Licorice Pizza
Nightmare Alley
The Power of the Dog
West Side Story

Pleasant surprises: I must say, I was thrilled to see Ryûsuke Hamaguchi’s Drive My Car here. It’s rare for a foreign-language film to get a Best Picture nod. (Although it’s been happening with greater frequency since the Oscars expanded their voting ranks.) It was one of the best films of the year.

Unpleasant surprises: I found Belfast to be highly mediocre, a work of predictable, dewy-eyed nostalgia, shot in antiseptic black and white, and I’m not quite sure why it’s so beloved. And the deeply irritating Don’t Look Up worked my last nerve.  As for CODA, it’s a crowd-pleaser that I certainly enjoyed but don’t quite think is Oscar-worthy. Then again, who can begrudge that little-film-that-could’s success?

Snubs: I really think Wes Anderson’s The French Dispatch should be up there. It’s maddening to me how often the Oscars ignore this genius in our midst. Same goes for Mike Mills’ touching and wise black and white dramedy C’mon, C’mon. Both were among my Top 5 films of the year.

Frontrunners: The Power of the Dog seems to be the frontrunner, which is phenomenal. It’s a stone-cold masterpiece and my favorite film of the year. But I wouldn’t quite sleep on Spielberg’s rousing West Side Story. Unlike Campion’s film, that one’s a crowd pleaser (albeit a disappointingly underseen one). I’ve had lots of people whisper to me that Campion’s meticulously constructed film left them cold. I’m rooting for The Power of the Dog but would find West Side Story a satisfying and worthy winner.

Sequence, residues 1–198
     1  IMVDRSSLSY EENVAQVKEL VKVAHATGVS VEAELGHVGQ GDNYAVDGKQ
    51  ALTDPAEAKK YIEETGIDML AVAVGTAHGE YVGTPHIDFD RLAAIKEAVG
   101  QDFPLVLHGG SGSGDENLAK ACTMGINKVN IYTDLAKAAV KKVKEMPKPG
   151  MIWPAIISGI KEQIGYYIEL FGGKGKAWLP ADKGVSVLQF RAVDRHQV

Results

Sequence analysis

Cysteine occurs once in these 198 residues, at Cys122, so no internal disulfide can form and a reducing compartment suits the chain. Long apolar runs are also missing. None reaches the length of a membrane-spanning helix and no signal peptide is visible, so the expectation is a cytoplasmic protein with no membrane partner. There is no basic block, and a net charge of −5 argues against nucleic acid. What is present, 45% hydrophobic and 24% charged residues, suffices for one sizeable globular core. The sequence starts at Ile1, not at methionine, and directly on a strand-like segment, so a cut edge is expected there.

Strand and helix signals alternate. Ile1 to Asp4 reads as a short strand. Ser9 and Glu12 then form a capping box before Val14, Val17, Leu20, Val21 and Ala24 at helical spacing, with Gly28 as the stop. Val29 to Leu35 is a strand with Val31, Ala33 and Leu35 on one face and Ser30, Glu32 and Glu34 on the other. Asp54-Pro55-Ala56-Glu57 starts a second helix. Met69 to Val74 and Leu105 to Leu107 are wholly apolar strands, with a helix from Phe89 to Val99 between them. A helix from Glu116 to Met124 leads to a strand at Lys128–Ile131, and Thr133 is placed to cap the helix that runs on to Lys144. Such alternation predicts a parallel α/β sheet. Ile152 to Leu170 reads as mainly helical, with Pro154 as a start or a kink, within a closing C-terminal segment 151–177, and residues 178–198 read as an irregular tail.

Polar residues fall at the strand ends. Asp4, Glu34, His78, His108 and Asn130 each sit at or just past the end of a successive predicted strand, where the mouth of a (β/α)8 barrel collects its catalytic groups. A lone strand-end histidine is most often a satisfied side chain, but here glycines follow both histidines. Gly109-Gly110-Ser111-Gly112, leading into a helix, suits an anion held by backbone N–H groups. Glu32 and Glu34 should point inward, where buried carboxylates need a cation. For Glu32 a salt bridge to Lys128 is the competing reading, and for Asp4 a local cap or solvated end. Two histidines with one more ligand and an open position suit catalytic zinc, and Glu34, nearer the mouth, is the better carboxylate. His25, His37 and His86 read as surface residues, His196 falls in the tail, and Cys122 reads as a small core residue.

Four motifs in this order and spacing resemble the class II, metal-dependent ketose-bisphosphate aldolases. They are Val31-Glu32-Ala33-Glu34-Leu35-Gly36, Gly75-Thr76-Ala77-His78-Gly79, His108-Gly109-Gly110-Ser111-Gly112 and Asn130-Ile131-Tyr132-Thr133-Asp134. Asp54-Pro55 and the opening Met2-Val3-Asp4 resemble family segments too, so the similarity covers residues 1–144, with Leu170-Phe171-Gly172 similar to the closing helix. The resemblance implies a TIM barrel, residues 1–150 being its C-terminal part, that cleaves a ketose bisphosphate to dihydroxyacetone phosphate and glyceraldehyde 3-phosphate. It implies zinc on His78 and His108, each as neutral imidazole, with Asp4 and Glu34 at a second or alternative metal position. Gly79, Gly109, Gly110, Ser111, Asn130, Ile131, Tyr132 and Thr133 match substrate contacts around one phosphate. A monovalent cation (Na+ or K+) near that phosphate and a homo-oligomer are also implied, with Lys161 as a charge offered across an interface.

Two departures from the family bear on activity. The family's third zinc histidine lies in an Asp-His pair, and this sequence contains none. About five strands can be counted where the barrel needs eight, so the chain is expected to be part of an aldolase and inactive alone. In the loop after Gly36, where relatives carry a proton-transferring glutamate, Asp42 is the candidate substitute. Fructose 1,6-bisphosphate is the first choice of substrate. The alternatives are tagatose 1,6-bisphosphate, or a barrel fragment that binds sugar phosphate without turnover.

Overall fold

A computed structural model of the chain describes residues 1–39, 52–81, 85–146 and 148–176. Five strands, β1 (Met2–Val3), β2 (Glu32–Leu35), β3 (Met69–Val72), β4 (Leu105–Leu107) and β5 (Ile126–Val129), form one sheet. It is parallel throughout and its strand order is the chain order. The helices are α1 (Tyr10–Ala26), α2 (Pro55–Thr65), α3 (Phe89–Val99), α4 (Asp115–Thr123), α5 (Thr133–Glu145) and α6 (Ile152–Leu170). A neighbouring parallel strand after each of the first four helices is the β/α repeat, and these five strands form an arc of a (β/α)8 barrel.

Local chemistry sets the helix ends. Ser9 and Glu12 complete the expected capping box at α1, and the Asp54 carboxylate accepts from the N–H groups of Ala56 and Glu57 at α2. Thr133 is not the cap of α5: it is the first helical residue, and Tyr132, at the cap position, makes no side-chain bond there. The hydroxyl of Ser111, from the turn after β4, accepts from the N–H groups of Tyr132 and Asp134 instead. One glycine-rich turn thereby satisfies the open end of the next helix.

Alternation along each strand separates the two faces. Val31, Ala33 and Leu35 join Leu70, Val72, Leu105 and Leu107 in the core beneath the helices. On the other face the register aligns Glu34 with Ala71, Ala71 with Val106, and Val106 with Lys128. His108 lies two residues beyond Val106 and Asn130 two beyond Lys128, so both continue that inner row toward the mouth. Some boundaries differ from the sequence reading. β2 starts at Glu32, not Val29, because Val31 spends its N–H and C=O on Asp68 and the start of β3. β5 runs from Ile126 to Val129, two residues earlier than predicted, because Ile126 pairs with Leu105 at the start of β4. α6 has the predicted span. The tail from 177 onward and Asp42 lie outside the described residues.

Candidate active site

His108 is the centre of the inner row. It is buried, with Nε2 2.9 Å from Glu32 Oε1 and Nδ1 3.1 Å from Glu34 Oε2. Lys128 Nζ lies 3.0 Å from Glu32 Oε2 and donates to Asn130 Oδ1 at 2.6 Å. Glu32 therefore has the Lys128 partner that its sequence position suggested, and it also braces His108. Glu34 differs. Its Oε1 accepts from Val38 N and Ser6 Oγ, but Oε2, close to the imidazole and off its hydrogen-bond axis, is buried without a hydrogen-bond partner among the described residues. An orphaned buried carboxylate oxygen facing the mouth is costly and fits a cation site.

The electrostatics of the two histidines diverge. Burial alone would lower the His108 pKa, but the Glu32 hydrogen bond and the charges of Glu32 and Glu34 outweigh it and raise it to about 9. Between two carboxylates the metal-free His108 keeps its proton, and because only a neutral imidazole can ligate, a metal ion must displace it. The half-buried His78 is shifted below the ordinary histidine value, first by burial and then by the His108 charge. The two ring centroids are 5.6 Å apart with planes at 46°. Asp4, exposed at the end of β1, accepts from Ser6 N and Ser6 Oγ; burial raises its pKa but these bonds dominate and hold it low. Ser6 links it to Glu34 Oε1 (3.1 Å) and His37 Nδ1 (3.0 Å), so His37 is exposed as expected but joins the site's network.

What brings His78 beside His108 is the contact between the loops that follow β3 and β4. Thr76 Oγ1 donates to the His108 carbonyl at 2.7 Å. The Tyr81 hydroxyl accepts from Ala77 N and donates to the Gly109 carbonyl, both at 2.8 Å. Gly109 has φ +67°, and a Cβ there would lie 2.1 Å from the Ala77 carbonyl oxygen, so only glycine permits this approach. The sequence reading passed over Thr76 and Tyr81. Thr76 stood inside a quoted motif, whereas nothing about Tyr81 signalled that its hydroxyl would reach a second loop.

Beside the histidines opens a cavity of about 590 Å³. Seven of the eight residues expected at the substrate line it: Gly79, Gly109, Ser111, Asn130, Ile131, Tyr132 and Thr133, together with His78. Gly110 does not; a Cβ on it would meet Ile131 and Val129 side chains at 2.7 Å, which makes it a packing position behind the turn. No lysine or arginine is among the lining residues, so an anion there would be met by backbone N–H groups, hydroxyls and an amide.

Best Director
Paul Thomas Anderson, Licorice Pizza
Kenneth Branagh, Belfast
Ryûsuke Hamaguchi, Drive My Car
Jane Campion, The Power of the Dog
Steven Spielberg, West Side Story

Pleasant surprises: Thrilled to see Ryûsuke Hamaguchi here.

Unpleasant surprises: Sorry, Kenneth.

Snubs: Wes Anderson, for sure. Some thought Dune’s Denis Villeneuve deserved a nod. I can make the case for him. That film cleaned up in the technical awards and got a Best Picture nod. Exactly who do they think was orchestrating this massive production?

Frontrunners: It feels like Jane Campion’s year.

Best Actor
Javier Bardem, Being the Ricardos
Benedict Cumberbatch, The Power of the Dog
Andrew Garfield, Tick, Tick … Boom!
Will Smith, King Richard
Denzel Washington, The Tragedy of Macbeth

Pleasant surprises: Happy and relieved to see Andrew Garfield here. He’s a force of nature in Tick, Tick…Boom!

Unpleasant surprises: I like Barden in Being the Ricardos, but there were many better performances this year, including Bradley Cooper in Nightmare Alley, Joaquin Phoenix in C’mon C’mon, and, yes, Nicolas Cage in Pig.

Snubs: See above. Also, I loved, loved, love Simon Rex in Red Rocket. I think his striving, hustling Mikey is a classic American antihero, right up there with Ratso Rizzo and The Dude. Disappointed he didn’t make the cut.

Frontrunners: Congratulations in advance, national treasure Will Smith!

Best Actress
Jessica Chastain, The Eyes of Tammy Faye
Olivia Colman, The Lost Daughter